Tuesday, October 21, 2008

Prosecuting NJ Foreclosure Schemes

There were numerous mortgage scams that occurred during the Great Housing Bubble. Now that we have entered a massive foreclosure phase there are scams in this part as well. Right now prosecutors are trying to prevent a rise of foreclosures due to scams. People think they are getting help in trying to save their homes instead find themselves broke and out on the streets. It is even sadder when it happens to some of societies most vulnerable - one victim was both sick and elderly. At least the people who perpetrated some of the crimes are being prosecuted for their crimes. In today's Star Ledger there is an article titled State accuses firms of running predatory 'foreclosure rescue' schemes. Lets take a look -

Forty-eight New Jersey property owners have lost more than $3 million in home equity through "foreclosure rescue" schemes operated by Vest Financial and JP Global Property Management Inc., according to civil lawsuits filed by the state Attorney General's office.

The lawsuits accuse the two companies, as well as 37 mortgage loan providers, mortgage industry employees, lawyers and others of violating the state's Consumer Fraud Act and the Racketeer Influenced and Corrupt Organizations Act. The state is seeking restitution for the property owners, penalties and permanent bans to keep them offering similar schemes to others.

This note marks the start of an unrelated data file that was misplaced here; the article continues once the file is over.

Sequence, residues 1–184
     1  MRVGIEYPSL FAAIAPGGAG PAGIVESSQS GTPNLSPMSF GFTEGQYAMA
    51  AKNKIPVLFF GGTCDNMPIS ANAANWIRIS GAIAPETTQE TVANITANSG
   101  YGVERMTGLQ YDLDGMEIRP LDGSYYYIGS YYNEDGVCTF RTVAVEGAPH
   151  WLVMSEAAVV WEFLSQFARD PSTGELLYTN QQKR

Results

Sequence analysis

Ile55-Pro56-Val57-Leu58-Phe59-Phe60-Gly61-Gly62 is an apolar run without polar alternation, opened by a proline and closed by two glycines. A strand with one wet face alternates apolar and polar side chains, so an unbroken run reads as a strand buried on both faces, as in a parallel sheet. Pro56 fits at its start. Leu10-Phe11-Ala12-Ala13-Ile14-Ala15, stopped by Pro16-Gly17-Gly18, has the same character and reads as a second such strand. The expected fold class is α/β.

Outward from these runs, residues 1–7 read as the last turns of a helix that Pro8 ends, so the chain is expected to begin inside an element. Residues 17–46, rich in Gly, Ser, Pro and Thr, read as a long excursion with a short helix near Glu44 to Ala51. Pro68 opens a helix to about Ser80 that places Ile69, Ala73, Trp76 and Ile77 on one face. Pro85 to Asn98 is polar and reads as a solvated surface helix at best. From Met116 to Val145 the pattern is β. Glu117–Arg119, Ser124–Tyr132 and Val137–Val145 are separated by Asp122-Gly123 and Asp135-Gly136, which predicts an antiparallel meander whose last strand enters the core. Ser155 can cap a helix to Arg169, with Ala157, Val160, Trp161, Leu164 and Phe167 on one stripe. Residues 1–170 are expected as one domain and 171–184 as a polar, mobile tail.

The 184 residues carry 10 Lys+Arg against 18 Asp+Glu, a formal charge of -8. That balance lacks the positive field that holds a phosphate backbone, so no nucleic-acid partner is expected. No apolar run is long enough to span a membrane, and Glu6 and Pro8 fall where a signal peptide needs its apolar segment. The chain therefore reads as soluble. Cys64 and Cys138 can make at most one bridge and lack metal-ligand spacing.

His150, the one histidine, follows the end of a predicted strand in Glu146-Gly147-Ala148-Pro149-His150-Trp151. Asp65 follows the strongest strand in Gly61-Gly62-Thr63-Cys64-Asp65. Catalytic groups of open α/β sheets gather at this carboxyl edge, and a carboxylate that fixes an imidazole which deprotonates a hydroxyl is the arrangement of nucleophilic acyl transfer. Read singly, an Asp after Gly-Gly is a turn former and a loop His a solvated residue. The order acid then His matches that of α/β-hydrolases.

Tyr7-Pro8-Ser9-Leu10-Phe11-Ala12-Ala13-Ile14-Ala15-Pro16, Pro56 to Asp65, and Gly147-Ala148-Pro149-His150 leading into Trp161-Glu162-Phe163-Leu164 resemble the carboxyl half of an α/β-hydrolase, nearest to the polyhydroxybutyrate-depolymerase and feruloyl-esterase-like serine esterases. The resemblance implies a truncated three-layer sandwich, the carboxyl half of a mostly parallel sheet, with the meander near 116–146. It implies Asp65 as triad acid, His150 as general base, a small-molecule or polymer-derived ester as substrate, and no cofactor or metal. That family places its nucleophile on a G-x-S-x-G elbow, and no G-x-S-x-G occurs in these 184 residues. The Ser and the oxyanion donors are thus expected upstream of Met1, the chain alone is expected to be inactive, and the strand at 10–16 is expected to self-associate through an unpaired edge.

A second victim was a senior citizen who, following her husband's death, missed several payments on the Bergen County home where she had lived for 25 years. She went in December 2006 to Vest Financial, which told the woman she could enter into an agreement that would guarantee her the same payments each month as well as $30,000 for outstanding medical bills.

What the company never told her was that it was going to sell the property to a third party in a deal that stripped $87,000 in equity from the home -- leaving her with only $12,000 for the medical bills, according to the lawsuit. It pulled off the scheme by providing an attorney for the woman who never explained the property sale to her.

"The distressed homeowners are left in a far worse position than they were in before," the lawsuit states. "Not only must they leave their home, but they cannot even sell their homes and benefit from the equity that had accrued in their property over time."

The story sounds awful - taking advantage of a sick, recently widowed senior citizen. Could this group find a more sympathetic victim? Hopefully there will be some kind of intervention so this woman can keep her property. The housing crisis is already hard enough - adding a new level of victimization will make it even harder. Hopefully an aggressive prosecution will prevent foreclosure fraud from becoming epidemic.

1 comment:

Bobby said...


Awesome foreclosure information, thanks a lot for sharing the resource...